Cabaret: Eager to please

MICHAEL FEINSTEIN BARBICAN LONDON
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The Independent Culture
I CAN see Michael Feinstein aged about nine. To the delight of his mother (at least) he must have been a piano prodigy, doing songs from the shows at weddings and barmitzvahs. At my barmitzvah I wore a velvet jacket (it was the Seventies,) so imagine my surprise when Feinstein walked on to the vast Barbican stage wearing the very same item.

Okay, I'm exaggerating, but he was sporting something suspiciously similar, topped off with a smile as permanent as the creases in his lounge-suit trousers. But then that's what Feinstein is: an upmarket lounge act. Sorry, I got that wrong. Michael Feinstein is an acclaimed contemporary pop vocal stylist. At least, that's what the programme says, on the same page as an advertisement for the Michael Feinstein Appreciation Society. He has made a formidable career as a matchless archivist/performer of The Great American Songbook. After six years as Ira Gershwin's amanuensis, he began performing trunkloads of material, and his incredibly extensive repertoire includes all the Tin Pan Alley greats.

He has a treasure trove of little-known gems at his fingertips. Fancy hearing Johnny Mercer's complete lyrics to "Too Marvellous for Words"? Feinstein's your man. Fancy a swift spin through the witty, uptempo "Rhode Island is Famous For You", a smart, States-wide list-song including the line "Pencils come from Pennsylvania/ Vests from Vest Virginia..."? He'll do it. The problem is just how he does it.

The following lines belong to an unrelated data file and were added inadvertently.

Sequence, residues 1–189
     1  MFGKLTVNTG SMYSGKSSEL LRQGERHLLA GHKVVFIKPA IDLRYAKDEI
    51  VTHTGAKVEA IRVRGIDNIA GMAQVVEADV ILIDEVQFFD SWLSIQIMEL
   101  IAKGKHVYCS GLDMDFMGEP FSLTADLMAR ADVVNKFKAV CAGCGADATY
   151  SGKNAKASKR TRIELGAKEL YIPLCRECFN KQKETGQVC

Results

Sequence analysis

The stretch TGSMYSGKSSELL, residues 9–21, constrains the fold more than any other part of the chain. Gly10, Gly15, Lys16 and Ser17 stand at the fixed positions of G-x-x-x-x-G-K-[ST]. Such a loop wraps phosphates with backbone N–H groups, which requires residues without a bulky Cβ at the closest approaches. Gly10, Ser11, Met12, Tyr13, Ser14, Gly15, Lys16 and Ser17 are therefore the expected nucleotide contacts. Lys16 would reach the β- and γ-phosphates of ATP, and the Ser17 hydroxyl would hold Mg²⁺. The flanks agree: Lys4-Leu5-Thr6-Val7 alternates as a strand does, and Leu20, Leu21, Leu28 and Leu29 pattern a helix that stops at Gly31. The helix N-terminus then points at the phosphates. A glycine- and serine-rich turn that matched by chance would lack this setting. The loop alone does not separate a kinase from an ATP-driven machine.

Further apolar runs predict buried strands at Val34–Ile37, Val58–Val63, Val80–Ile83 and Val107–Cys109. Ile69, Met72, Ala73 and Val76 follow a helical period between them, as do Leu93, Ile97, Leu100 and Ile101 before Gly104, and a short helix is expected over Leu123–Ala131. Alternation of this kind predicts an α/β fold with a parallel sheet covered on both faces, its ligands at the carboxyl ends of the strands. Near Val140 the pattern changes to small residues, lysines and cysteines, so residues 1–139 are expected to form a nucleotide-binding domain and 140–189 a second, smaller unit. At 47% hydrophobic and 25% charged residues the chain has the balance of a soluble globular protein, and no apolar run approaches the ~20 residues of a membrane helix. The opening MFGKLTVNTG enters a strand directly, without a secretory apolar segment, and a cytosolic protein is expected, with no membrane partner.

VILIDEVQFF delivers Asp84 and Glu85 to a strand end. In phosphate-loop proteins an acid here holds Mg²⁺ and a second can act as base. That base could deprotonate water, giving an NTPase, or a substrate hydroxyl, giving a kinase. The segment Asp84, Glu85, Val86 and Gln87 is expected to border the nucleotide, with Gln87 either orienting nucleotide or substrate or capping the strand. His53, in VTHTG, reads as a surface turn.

On this occasion, he and his grand piano were surrounded by a six-piece band playing fit to bust. Unfortunately, the sound mix was so bass-bound that his piano-playing could often barely be heard. He does his own arrangements, cunningly slipping no less than15 Gershwin melodies into the accom- paniment to "Embraceable You". All very clever, but beneath the skill and the sentimentality there's remarkably little happening. His high baritone voice is unyielding and curiously inexpressive.

There are cocktail pianists the world over, however, who would chop off their limbs for his keyboard skills. At two points he asks for requests, producing on-the-spot medleys with lush accompaniments full of Gershwin- style chromatic harmonic progressions and gambolling arpeggios. It's the strongest part of the act, the tension dropping away as he thinks his way through unrehearsed music. Elsewhere, you wish he'd calm down. When someone asked for "C'est Si Bon" - made famous by Eartha Kitt - he launched into a purring impersonation. Whatever he's on, he should lower the dosage. At some level, he's still a kid - all too eager to please.

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